Trust in scientists is on the rise in the United States, according to a survey of more than 4,000 people released on 2 August.
The survey, conducted by the Pew Research Center in Washington DC, found that 86% of people in the United States have “a fair amount” to “a great deal” of confidence in scientists to act in the public interest. The level of confidence is 10% higher than levels in 2016, the first year that Pew conducted this survey (see ‘In scientists we trust’).
For respondents who have “a great deal” of confidence in scientists to act in the public interest, levels increased from 21% in 2016 to 35% in 2019. A rise in “great” confidence occurred for most of the groups included in the survey ― including the news media and elected officials ― but it was the most pronounced for scientists.
The proportion with “a fair amount” to “a great deal” of confidence in scientists is comparable with public trust in the military ― in contrast to 2016, when confidence in researchers ranked just below the military. Pew polled more than 4,400 people over 18 years old in all 50 states and the District of Columbia.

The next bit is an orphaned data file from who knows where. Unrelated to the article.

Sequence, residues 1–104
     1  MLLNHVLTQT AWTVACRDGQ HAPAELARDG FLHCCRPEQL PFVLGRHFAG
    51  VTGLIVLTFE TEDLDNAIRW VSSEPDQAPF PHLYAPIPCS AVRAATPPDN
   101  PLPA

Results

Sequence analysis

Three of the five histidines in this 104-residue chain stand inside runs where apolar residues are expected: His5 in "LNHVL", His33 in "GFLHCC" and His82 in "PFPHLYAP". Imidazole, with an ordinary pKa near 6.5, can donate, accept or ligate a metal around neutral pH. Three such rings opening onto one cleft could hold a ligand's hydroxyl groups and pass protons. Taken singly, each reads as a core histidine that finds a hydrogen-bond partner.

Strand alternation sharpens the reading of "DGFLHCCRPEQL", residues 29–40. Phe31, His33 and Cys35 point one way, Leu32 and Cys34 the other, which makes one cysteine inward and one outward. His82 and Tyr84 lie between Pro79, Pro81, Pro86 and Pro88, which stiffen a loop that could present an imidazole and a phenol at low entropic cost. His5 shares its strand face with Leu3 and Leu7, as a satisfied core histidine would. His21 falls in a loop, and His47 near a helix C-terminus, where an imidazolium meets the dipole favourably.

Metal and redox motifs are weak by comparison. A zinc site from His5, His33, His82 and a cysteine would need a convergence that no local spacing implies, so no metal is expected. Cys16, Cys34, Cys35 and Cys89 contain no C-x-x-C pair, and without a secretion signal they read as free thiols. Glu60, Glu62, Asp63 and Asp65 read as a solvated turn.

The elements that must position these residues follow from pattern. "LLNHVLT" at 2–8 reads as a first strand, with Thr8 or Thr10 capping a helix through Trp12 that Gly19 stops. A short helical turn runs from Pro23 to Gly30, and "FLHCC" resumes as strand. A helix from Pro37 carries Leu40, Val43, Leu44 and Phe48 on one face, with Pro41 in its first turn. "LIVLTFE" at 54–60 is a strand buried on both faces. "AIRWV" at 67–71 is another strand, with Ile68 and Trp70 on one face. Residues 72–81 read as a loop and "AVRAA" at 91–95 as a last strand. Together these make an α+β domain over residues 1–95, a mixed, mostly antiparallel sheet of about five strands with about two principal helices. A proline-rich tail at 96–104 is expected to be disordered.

But the survey also found signs of scepticism: only 20% of respondents said that scientists across disciplines are upfront about their potential conflicts of interest with industry all or most of the time. Environmental research received particular scrutiny, with only 35% of people saying that scientists in this field provide fair and accurate information all or most of the time.
Misconduct was a particular concern, especially among black and Hispanic respondents. Fifty-nine per cent of black respondents, and 60% of those describing themselves as Hispanic, viewed misconduct among medical research scientists as a moderately big or very big problem. Only 42% of white people in the survey reported the same degree of concern.
Overall, survey participants who had more knowledge about science had greater confidence that researchers act in the public interest. And people reported that providing open access to data, as well as conducting independent reviews of research findings, would boost their confidence in the results.
“Many people distrust a lot of people in positions of authority,” says John Besley, who studies public opinion about science at Michigan State University in East Lansing. Some of the mistrust directed towards scientists could stem from that attitude, he adds.